I had this crazy idea. I’ve been thinking about how people truly dedicate themselves to things that they struggle with. I guess this could apply to a lot of things in life – changing bad habits, adopting new habits, eating healthy food, exercising… And of course, productivity, whether it’s at work or at a pastime. Of course, you need a goal. You need to challenge yourself. And you have to start somewhere. I’m not one of those people who can start slow and work my way up to things. I have to go all out right away. This scares some people. Like my husband. But it’s just the way I am.
I want to make good beads. Better beads. Beads that excite me when I pull them out of the kiln. It seems obvious that the only way to improve at one’s craft is to log hours creating new things. In one of his books, Malcolm Gladwell (fantastic author) studied many people who are considered to be very, very talented at what they do. He estimated that in order to become a ‘master’ in their fields of work/study, they each logged at least 10,000 hours of practice. That’s a lot of hours. There is no substitute for practice. You can’t skip it. There is no easy route to success. Someone who makes beads every day is going to improve more quickly than someone who makes beads once a week. I’m in the once a week category at the moment, and I don’t want to be. But there are so many excuses to get around making beads regularly. Too tired, other stuff to do, don’t ‘feel’ like it… I know myself, and I know that if I give myself the *choice* of torching or not torching, I will tend toward not torching. There is also this weird kind of fear/hesitation that prevents me from starting most days. I can’t quite put my finger on it. Some days you spend a few hours at the torch and everything you make is crap. Often I worry that if I sit down to work I won’t be able to make anything ‘good’. So I don’t make anything at all.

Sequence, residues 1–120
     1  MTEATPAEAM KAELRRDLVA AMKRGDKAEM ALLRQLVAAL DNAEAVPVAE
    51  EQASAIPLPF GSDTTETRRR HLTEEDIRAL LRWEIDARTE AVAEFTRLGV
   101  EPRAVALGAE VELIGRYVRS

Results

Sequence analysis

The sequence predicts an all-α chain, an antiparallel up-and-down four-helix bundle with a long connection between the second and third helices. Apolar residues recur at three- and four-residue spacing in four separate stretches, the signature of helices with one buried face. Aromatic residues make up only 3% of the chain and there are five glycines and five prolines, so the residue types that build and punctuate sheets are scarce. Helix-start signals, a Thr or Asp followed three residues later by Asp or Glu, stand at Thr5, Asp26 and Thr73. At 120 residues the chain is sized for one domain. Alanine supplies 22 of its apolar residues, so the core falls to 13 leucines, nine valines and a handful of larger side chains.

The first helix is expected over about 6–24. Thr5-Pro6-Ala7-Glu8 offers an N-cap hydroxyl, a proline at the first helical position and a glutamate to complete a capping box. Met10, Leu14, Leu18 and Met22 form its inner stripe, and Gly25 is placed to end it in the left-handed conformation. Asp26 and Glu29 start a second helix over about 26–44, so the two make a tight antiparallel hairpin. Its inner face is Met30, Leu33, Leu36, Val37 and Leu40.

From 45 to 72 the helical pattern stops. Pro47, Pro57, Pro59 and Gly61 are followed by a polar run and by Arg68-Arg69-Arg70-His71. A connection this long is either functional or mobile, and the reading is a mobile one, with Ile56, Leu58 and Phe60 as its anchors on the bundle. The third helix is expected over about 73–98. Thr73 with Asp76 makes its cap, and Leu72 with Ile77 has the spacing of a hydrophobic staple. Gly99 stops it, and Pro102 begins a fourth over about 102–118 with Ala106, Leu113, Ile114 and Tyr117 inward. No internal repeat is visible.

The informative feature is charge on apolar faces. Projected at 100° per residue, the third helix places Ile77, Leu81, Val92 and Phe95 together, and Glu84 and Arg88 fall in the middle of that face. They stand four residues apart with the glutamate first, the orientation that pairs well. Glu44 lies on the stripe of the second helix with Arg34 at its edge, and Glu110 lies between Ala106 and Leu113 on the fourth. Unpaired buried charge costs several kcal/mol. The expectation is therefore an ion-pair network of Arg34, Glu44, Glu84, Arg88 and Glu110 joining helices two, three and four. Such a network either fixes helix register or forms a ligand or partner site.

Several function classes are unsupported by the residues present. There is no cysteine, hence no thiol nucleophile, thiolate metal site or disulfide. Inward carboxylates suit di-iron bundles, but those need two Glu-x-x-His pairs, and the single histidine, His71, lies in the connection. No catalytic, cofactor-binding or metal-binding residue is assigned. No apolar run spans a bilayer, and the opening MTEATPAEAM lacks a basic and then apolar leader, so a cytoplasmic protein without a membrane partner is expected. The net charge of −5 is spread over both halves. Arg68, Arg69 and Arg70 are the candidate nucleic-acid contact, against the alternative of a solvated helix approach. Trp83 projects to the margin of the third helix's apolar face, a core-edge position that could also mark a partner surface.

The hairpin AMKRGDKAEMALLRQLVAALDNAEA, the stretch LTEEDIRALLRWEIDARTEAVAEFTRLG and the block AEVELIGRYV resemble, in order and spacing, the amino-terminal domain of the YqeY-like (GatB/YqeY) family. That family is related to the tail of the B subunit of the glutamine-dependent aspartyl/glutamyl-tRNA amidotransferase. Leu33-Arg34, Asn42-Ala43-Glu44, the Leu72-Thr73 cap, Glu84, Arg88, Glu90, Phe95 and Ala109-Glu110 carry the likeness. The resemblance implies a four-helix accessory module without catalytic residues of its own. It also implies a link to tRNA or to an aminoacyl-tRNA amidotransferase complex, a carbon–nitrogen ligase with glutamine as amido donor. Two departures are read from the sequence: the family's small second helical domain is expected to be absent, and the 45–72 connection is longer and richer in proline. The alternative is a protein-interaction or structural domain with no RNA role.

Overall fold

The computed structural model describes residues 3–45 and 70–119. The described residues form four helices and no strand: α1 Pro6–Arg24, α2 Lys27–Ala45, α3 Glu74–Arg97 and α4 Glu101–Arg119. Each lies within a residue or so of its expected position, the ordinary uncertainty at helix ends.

This is dumb.
And so counterproductive. Of course anyone, at any skill level, will make a mix of things. Good and bad. But in order to have some success, you have to accept the inevitable failures. Ironically you usually learn more from the failures. They help you grow and change.
So I had this thought. I thought, if I eliminate the *choice* of whether I’m going to work or not, and I light the torch every day whether I feel like it or not, I will learn much faster. I will probably have more fun. I will worry less and create more. I’m going to attempt to do something insane (in my mind): I’m going to make a commitment to myself to make beads every day for 30 days. Every day. For at least one hour. If I’m frustrated and nothing is happening, I can quit, but I have to try. So far I’ve got one day in a row under my belt. I feel good about this. I could use more self-discipline in many aspects of my life. I think that feeling productive and disciplined with my work can’t help but spill over into the rest of my life.
Wish me luck.
I almost forgot: new beads on Etsy today. Click here to check ’em out.